Switzerland’s top footballers will have their hearts examined as part of new mandatory health checks carried out by their clubs.This content was published on September 11, 2007 - 18:01
The decision comes shortly after the deaths of two sportsmen in Spain and Switzerland of cardiac arrest.
Europe’s football governing body, Uefa, last year decided to insist on tests for teams involved in European competitions.
The Swiss Football League (SFL) announced the introduction of the measure this week. It is due to come into force as of next season and is part of its revised licensing rules for clubs under Uefa guidance.
“There were a number of cases in recent years that certainly prompted Uefa to introduce a series of measures that institutionalised medical checks,” said Claudius Schäfer, head of legal services and licensing at the SFL.
The death from heart failure of Cameroon’s Marc-Vivien Foé in 2003 at the Confederations Cup sent the first warning to the football community at large, especially after two autopsies revealed no drugs or foul play.
Uefa reacted by demanding compulsory health checks for some competitions, in particular the Uefa Cup and the Champions’ League.
A spate of recent cases on and off the pitch have led the European association to consider overhauling its latest procedures, changes that are to be discussed in October.
Doctors say the deaths from heart failure among fit, young athletes, including Spanish player Antonio Puerta a few weeks ago, are not that unusual.
“There are plenty of reasons for cardiac arrest,” said Toni Held, a sports medicine specialist and cardiologist at Basel University.
“Malformation of the heart, coronary disease, or infection are just a few possible causes. Playing when ill or not taking enough time to recuperate also increase the risk of heart failure.”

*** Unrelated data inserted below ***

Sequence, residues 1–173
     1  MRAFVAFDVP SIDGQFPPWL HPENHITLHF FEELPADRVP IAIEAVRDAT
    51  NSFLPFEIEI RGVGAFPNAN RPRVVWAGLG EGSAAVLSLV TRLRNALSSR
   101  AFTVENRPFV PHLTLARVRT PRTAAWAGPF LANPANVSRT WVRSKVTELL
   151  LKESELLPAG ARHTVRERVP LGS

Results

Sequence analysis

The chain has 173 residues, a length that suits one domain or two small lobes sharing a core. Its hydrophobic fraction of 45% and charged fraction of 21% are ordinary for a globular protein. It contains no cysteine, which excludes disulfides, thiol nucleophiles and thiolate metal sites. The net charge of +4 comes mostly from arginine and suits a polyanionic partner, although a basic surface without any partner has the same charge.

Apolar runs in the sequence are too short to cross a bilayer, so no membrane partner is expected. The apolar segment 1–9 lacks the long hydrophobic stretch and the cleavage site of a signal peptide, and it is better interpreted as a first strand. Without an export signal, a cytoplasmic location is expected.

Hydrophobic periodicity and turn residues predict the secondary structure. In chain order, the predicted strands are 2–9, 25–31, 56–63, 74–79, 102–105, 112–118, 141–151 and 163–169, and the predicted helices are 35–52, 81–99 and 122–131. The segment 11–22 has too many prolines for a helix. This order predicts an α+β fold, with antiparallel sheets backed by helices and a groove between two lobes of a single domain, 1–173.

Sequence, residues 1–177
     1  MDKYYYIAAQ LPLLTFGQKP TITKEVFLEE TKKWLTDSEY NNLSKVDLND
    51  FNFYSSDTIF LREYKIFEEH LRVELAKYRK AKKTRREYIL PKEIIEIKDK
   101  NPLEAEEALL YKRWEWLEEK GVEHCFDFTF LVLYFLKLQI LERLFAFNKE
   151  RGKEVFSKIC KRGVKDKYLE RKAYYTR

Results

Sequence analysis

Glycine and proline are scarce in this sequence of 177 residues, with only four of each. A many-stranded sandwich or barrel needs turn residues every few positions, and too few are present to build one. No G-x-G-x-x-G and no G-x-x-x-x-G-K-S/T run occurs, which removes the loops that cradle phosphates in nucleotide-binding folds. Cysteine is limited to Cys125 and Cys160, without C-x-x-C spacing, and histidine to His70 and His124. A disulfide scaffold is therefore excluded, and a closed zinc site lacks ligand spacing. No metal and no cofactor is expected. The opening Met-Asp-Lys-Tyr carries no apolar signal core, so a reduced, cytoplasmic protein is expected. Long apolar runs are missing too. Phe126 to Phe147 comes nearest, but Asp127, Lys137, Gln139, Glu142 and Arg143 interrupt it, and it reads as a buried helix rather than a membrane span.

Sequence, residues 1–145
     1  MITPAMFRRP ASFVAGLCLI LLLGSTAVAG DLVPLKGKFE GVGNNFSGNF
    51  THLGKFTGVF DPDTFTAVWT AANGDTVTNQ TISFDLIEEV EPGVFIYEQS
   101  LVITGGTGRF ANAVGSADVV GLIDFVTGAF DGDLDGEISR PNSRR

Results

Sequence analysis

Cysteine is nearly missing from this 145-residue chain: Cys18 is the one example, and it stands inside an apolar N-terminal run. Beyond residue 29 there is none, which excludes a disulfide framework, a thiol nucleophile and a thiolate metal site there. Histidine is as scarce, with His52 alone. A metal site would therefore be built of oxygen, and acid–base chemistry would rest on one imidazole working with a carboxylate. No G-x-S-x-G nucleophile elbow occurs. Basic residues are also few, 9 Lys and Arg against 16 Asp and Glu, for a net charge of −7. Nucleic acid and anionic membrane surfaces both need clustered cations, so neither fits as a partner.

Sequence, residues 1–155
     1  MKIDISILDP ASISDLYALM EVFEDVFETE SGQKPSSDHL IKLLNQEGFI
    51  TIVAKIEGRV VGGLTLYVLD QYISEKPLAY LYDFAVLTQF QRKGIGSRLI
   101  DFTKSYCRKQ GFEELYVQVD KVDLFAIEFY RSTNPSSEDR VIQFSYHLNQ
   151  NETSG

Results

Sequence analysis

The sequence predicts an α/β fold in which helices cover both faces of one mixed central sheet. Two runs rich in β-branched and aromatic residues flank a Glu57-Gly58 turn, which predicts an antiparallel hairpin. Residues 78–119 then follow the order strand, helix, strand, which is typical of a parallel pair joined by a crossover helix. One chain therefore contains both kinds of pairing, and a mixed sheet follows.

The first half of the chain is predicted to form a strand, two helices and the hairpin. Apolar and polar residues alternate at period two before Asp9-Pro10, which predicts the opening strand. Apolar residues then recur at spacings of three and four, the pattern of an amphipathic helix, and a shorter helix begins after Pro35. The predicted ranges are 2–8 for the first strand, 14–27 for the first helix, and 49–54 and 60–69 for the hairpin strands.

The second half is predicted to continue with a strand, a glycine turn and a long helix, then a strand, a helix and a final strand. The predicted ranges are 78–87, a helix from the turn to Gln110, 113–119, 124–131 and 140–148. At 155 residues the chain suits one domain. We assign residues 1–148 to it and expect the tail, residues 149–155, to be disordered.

This is not just the case for footballers. A participant in last month’s Federal Wrestling Festival died shortly after finishing a bout.
The Swiss Football League has already chosen to extend checks to all the top division clubs, not just those taking part in European competitions. Teams will have to certify their players have undergone a full battery of tests to receive their licence.
“We want clubs to keep an eye on players’ health during the season,” Schäfer told swissinfo.
Teams have occasionally been loath to carry out checks, claiming the whole process was too expensive.
“Financially, it makes good sense for clubs to do these tests,” counters Held. “It’s protecting their investment, but many have preferred to take their chances and spend big on players – money that might be wasted.”
Held, who also works for the private Hirslanden health clinic in Basel, says that when it was suggested to the clubs that organising tests on a voluntary basis would be in their interest, the suggestion was turned down.
The new medical checks will be under the club’s responsibility. The Football League is not considering independent testing, trusting teams to do their job properly.
For Schäfer, the procedure is reliable enough. “Since both the clubs and their medical staff must sign a form confirming they have carried out the tests, there is no reason to doubt them,” he added.
swissinfo, Scott Capper
Sevilla’s Antonio Puerta died at the age of 22 after collapsing during a Spanish first division match. The cause was a rare weakness of the right heart ventricle. It is however often responsible for sudden cardiac arrest among athletes.
In such cases, an alteration of the cardiac muscle tissue leads to an expansion of the right ventricle, which can cause fatal changes in heartbeat and can ultimately lead to cardiac arrest.
Israel-based Zambian international Chaswe Nsofwa recently collapsed after a training session in the southern Israeli town of Beersheba and died shortly afterwards. The exact cause of death is not yet known.
In England, Walsall's 16-year-old youth player Anton Reid also died after collapsing on the pitch.
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